Born in Flames is overtly outraged and fuelled by anger, yet manages to remain inquisitive, with room for curiosity, multiple perspectives, and open-ended questions and ideas. It stands for unity, for rebellion, and for revolution. I felt it as a call to arms. COVID quarantine has encouraged inaction, but current oppression against already marginalised communities cannot remain overlooked. Global administrations are arguably more violent and more powerful than in 1983. As I began the film I felt angry, but also deflated, defeated, and tired of seeing only a growth of pain, death, and injustice; as I finished the film the anger had grown, but so had my willingness to fight.

P.S If you’re in the mood for some political punk, check out ‘Born in Flames’ by The Red Crayola which runs through the title film.

Power in Community Cinema

Kate Fahy, 07/05/20

This time last year I was losing my mind writing my Master’s dissertation about community cinema and counterpublic formation, and planning my first screening in Bristol of Barbara Hammer’s Nitrate Kisses on 16mm print. I’m fully in love with community cinema, and the power that it holds – for me, for us, and for the greater good (the greater goooood). I re-read my dissertation the other day, and wanted to share some points and thoughts that I think reflect the aims, ambitions, and passions that me and Daniella share, and that translate and echo through our project Vadí? Nevadí.

To really understand the formula and ambitions of community cinema today, it’s vital to go back to the roots. So let’s rewind a few decades to the 1960s and go south to Argentina. Argentinian Militant cinema (a more politically focused strand of the Latin American Third Cinema movement) was orchestrating clandestine cinema screenings of highly political films that explicitly opposed the country’s existing oppressive regime. Such films included La Hora de los Hornos (dir. Octavio Getino, Fernando Solanas, 1968). The organisers and attendees of the screenings faced massive risk of persecution, violence, and even death if discovered – so why the fuck do it, right?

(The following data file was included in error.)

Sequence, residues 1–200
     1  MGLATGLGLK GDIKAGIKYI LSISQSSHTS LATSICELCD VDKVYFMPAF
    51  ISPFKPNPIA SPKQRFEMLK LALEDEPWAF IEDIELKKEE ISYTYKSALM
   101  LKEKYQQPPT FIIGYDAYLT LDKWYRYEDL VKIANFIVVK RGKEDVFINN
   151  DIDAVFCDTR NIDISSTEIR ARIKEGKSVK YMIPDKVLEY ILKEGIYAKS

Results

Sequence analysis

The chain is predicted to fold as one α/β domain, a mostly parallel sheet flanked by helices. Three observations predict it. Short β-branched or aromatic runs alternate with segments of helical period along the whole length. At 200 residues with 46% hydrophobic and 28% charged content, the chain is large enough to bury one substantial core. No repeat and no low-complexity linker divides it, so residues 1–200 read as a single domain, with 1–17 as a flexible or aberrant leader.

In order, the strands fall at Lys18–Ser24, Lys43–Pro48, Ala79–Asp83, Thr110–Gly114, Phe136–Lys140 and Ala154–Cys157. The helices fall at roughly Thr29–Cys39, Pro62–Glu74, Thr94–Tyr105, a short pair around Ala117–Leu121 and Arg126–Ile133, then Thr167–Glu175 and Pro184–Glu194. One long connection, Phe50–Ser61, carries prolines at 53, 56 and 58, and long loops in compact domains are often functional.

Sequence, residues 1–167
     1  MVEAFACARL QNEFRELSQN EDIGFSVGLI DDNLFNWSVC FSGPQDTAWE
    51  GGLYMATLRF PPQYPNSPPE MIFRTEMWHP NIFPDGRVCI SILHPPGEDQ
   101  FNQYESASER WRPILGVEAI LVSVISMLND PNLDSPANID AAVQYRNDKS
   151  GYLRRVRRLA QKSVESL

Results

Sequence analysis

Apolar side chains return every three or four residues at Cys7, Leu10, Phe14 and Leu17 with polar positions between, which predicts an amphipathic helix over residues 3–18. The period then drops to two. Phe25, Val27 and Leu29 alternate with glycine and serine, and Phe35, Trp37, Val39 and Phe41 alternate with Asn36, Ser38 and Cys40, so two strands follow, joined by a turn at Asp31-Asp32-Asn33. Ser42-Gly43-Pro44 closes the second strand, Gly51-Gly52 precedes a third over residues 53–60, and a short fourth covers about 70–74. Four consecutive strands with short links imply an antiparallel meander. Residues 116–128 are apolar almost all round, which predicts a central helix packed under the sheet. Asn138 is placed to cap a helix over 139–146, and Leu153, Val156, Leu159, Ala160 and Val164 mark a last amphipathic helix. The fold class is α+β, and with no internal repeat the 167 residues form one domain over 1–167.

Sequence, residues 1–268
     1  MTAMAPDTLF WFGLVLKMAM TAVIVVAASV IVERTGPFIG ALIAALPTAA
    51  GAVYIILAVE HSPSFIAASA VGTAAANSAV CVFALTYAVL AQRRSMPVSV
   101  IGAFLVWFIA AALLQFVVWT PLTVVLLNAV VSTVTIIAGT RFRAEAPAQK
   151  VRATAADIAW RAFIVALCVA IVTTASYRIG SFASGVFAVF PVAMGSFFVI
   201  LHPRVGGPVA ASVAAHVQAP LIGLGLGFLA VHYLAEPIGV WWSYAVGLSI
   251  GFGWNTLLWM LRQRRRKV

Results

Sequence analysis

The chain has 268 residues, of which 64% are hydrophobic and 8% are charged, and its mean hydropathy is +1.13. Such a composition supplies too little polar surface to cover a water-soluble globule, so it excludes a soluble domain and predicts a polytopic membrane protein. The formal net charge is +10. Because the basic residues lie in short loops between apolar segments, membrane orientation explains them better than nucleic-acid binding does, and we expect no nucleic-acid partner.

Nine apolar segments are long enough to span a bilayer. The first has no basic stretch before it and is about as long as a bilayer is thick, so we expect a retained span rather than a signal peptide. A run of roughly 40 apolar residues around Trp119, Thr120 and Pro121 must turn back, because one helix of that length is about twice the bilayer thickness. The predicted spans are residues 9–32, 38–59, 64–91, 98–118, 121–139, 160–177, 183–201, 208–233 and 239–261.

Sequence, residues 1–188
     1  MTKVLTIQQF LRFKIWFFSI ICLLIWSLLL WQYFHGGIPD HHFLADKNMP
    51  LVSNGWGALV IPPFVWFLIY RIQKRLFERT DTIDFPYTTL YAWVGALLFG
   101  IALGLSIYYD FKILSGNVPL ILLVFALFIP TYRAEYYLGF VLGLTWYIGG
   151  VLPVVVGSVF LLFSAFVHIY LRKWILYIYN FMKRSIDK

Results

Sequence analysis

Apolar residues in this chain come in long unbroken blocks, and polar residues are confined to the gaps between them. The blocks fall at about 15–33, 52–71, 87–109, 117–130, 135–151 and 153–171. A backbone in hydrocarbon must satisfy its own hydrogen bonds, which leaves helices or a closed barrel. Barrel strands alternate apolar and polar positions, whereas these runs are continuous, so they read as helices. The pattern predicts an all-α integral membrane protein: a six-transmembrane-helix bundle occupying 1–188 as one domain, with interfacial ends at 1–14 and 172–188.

My most and least favourite phrase is “but it’s just a film”. It’s my least favourite because it really pisses me off, but it’s my most favourite because my belly gets fire-y and I can let it loose. Leaders of the Militant cinema, like Getino and Solanas saw cinema as an important weapon and tool in the process of liberation. They encouraged active participation from audience members in the form of pamphlets, introductions, and most importantly, post-screening discussions. Their screenings intended to have transformative impact on their audiences, and thus onto wider society. Through clandestine screenings, often in warehouses inciting the working class to rise up, they advocated alternative forms of film distribution and exhibition.

The late 1960s saw global uprisings in response to consistent oppression, discrimination, and the squashing of identities by dominant culture (ie. Bourgeois white, cis, heteropatriarchy). Identity politics were widespread, and there started to be a cultural shift reflected in film programming, in that film festivals started to become more politically engaged and driven, and there was a growth of alternative identity-based film festivals. These festivals acted as a sort of cultural intervention that sought societal change and followed the formula of encouraging active participation. Marginalised communities mobilised with the desire for network formation, and the enablement of an open and discursive space in which they could confront issues and freely defy dominant conventions.

A slice of history gives an understanding of the formula and deeply imbedded aims and purpose of politically driven programming and community cinema today. But there are also contemporary issues that feed into DIY culture and film programming. I am really drawn to the issue of space. Space is banal – it is just there. But at the same time, it is huge – it can be gendered, sexed, raced, cultured, open, private, exclusive, free, and a whole lot more.

We live in the sometimes truly disturbing era of neo-liberal capitalism in which space is ultimately money. Cultural spaces across the country and across the world are being bought and privatised on a huge scale. Space is property, capital, and investment to the gains of the rich, and the loss of those to whom it originally belonged and held solace. The reclamation of space thus becomes political (as it also was for Militant cinema). DIY cinema takes space back and gives it identity, and purpose. DIY screenings are for the most part non-profit. We hope that Vadí? Nevadí screenings will always be free. I love the idea that the organisers and attendees of politicaly-driven screenings in reclaimed spaces are activists. Everything about them is oppositional – to capitalism in formation, to societal ‘norms’ in content. We like to experiment, push boundaries, showcase that which is not being showcased, and most importantly create space for conversations.

Vadí Nevadí has a lot of room to grow, and we hope that we can nurture a space and community that is really powerful. We want to represent, celebrate, connect with, and engage marginalised communities. We are exploring both physical and digital space, and the potential of discussion, unity, and exploration, that both of these entities hold. Cinema is powerful, as so is each of us.